Lafemme stendhalienne et l'amour courtois dans Le rouge et le noir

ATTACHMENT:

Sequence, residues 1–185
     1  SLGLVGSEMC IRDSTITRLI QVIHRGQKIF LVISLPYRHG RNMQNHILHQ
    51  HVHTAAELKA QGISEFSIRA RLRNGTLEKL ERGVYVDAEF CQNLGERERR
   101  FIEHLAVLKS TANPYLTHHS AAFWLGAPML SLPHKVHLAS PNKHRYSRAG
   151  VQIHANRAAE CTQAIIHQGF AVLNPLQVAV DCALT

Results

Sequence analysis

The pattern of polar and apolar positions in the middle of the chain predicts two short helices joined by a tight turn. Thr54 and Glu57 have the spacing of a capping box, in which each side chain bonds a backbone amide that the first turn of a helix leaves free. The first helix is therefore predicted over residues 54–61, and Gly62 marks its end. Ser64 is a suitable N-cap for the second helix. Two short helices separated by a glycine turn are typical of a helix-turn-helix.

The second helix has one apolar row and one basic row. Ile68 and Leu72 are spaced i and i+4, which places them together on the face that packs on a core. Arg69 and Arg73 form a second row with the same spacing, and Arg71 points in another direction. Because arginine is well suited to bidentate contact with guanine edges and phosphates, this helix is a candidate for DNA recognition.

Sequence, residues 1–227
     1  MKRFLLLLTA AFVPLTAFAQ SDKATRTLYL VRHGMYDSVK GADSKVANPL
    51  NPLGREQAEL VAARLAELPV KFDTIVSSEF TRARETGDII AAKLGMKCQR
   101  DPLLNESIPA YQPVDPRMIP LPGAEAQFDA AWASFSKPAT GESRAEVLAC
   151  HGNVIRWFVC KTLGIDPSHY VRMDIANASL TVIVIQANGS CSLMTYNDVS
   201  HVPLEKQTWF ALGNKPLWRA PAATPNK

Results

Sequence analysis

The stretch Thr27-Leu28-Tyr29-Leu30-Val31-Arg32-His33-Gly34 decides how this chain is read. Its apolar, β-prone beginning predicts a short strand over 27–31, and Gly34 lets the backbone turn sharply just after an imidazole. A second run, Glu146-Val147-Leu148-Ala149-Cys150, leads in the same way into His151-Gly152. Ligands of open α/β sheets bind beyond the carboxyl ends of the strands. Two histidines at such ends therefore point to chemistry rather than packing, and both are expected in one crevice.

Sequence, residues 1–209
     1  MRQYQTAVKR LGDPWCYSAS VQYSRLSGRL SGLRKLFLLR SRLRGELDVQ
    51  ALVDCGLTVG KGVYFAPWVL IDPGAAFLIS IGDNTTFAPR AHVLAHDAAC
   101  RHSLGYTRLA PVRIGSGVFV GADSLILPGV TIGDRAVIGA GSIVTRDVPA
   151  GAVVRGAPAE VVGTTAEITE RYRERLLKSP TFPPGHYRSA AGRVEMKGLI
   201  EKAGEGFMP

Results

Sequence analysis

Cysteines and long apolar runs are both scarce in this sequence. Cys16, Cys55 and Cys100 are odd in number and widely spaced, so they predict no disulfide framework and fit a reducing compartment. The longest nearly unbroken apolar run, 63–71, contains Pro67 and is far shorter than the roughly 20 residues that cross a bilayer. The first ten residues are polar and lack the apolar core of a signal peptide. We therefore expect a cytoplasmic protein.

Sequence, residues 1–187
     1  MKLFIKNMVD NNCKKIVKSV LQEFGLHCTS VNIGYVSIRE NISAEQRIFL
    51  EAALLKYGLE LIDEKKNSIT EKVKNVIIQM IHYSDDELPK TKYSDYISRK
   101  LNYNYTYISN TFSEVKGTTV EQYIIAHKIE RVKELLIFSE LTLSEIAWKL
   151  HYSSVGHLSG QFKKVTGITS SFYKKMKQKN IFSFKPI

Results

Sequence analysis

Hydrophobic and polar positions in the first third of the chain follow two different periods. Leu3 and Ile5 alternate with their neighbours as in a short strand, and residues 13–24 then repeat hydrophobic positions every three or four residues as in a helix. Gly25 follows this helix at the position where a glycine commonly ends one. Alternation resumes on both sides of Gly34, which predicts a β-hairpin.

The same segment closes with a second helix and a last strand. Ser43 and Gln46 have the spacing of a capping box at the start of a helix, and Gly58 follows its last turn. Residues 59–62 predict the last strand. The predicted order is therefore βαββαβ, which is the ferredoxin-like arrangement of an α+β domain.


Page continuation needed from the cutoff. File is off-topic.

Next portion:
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The vestiges of courtly love deployed in Stendhal's 1830 novel, Le rouge et le noir;, invite a re-examination of two of Stendhal's exceptional women, Mme de Rênal and Mathilde de La Mole. In my introduction (Chapter I "La femme stendhalienne et l'amour courtois"), Stendhal's theories on love from his 1822 work, De l'amour;, and René Girard's triangular desire provide a context in which to apply two courtly love paradigms--one, for instance, where male figures prove their valor as knights to revered, unattainable ladies (i.e. Tristan et Yseut;), another where two female figures seek the adoration of a knight (i.e. Lanval;). The nineteenth-century woman in French literature stems from a long tradition of extraordinary female figures. In Chapter II, titled "Mme de Rênal : La femme sublime," Yseut serves as a literary prototype for Mme de Rênal's pure, but adulterous character. In Chapter III, titled "Mathilde de La Mole : La femme impossible," Mathilde's hybrid identity and her daring final act attest to the impossibility of such a female figure in 1830. Notably, Le rouge et le noir; problematizes the "natural" roles of both middle-class and of aristocratic women. The conclusion (Chapter IV "Comprendre l'homologue féminin du héros romantique") evaluates the two heroines as female counterparts to the romantic hero. This thesis aims to tackle the subjective nature of coquetterie;, seduction and courtship with regards to female agency, specifically, and in so doing, hopes to fill a lacuna in nineteenth-century literary criticism.

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